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When Yakeline Argueta arrived in the United States, healthy cooking wasn’t a priority; she was simply struggling to get by. Then the El Salvador native learned about Through The Kitchen Door (TTKD), a Washington, D.C.-based program that helps at-risk and low-income families learn basic kitchen techniques and how to cook healthy inexpensive food.
She enrolled in a TTKD cooking class and graduated a changed woman; she lost more than 70 pounds and had the skills to feed her family well on a budget. “Now my kids eat carrots instead of potato chips. We stopped drinking sodas. And we don’t eat fast food anymore. I bulk-cook food with my kids one day a week, so I save time and money,” she says.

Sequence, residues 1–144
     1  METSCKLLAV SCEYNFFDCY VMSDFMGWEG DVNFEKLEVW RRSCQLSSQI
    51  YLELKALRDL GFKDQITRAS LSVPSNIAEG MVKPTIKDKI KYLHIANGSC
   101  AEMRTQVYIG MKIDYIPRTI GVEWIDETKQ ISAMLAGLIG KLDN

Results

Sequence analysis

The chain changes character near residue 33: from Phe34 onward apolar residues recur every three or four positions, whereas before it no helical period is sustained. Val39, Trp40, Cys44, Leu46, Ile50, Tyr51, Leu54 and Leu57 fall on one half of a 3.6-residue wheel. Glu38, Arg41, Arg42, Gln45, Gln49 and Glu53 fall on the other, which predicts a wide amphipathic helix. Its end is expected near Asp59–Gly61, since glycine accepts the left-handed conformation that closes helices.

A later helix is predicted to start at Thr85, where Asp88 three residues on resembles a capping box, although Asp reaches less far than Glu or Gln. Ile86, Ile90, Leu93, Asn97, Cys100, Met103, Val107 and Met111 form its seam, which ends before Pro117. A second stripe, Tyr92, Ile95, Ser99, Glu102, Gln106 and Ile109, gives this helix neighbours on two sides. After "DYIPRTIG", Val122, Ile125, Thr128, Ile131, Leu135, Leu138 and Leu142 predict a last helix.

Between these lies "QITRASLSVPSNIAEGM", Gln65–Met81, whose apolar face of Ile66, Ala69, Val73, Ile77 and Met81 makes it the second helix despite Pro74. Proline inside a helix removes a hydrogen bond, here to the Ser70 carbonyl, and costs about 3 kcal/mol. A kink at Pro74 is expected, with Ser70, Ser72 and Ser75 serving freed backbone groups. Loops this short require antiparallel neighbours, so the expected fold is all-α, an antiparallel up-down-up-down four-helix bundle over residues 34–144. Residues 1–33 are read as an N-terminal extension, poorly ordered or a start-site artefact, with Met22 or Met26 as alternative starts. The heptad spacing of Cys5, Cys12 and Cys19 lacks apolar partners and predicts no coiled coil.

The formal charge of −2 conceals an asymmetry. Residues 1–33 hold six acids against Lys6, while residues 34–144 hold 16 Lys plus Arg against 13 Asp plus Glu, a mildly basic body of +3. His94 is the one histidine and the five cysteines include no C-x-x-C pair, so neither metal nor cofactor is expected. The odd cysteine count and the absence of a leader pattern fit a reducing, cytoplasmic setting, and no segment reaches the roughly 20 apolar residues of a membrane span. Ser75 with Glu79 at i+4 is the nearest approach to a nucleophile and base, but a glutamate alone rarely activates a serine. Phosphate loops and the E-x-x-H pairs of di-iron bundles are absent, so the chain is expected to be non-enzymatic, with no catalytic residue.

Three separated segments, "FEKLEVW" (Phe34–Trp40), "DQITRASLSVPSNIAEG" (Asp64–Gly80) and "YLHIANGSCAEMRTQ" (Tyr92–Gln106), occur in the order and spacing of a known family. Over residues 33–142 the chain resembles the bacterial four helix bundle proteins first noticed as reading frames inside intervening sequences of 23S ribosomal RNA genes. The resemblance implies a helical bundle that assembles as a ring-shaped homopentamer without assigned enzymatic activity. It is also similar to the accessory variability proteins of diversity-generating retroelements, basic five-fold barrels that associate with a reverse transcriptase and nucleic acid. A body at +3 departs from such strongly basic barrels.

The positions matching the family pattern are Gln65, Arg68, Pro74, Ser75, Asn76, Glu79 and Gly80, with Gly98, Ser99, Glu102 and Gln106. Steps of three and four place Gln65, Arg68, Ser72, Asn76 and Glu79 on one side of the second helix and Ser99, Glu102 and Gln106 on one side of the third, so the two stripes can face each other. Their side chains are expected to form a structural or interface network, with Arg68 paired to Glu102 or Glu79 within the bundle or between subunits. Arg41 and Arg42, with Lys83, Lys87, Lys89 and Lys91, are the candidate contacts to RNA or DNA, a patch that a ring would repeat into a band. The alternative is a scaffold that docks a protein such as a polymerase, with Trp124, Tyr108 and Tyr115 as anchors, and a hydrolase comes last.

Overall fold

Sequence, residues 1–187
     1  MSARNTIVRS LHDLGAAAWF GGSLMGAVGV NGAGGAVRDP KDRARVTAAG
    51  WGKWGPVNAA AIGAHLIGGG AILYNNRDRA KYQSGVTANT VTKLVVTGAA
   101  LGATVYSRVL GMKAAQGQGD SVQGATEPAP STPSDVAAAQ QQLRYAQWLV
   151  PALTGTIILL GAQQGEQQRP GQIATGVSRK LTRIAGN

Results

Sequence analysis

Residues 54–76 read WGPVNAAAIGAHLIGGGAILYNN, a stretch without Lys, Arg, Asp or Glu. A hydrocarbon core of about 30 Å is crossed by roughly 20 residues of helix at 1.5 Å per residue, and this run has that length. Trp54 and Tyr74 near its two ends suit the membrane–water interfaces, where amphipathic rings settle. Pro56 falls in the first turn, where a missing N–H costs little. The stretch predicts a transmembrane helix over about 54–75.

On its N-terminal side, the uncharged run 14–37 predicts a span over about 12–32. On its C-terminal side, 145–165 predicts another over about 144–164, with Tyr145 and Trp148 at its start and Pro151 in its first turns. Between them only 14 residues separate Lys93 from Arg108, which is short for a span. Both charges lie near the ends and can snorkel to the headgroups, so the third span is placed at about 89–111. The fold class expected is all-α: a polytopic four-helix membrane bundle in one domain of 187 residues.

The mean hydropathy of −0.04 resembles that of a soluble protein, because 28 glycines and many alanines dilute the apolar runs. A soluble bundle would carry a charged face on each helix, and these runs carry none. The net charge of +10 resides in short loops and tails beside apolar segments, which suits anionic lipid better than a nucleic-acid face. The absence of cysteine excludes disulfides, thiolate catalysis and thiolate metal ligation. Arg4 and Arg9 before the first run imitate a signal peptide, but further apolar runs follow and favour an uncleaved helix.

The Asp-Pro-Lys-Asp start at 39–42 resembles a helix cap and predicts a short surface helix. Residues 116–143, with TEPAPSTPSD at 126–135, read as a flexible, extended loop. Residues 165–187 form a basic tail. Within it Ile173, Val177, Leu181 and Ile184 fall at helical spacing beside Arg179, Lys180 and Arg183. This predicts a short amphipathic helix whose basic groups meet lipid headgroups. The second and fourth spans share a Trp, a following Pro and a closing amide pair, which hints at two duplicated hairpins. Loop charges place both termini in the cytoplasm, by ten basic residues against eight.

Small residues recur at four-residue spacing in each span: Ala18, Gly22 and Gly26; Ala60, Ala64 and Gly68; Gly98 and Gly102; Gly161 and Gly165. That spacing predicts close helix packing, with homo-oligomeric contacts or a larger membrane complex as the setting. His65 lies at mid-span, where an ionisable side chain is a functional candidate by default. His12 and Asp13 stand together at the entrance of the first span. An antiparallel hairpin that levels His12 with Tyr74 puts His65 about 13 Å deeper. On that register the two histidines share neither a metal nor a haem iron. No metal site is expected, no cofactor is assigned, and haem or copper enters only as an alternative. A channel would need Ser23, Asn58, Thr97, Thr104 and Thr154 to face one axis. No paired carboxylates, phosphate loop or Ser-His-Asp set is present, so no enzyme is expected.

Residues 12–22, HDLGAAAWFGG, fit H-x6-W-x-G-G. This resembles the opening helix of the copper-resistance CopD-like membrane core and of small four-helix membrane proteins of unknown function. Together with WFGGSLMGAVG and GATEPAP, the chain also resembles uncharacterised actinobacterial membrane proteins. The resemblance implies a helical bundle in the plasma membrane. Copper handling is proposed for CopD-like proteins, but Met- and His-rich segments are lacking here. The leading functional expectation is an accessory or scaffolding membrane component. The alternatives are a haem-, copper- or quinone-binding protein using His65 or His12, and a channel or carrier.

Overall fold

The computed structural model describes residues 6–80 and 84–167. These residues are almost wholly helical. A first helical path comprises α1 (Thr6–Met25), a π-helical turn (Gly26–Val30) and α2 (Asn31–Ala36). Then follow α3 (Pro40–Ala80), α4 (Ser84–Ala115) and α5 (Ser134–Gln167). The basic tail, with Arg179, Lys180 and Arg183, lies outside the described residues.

For many Americans, cooking healthy food on a budget can be difficult. A third of adults and 16 percent of children are obese and the highest obesity rates in the U.S. are associated with the lowest incomes and education levels, according to a survey by the Centers for Disease Control and Prevention. Adam Drewnowski, Ph.D., professor of epidemiology at the University of Washington, says, “Simply put, fats and sweets cost less, whereas many healthier foods cost more.”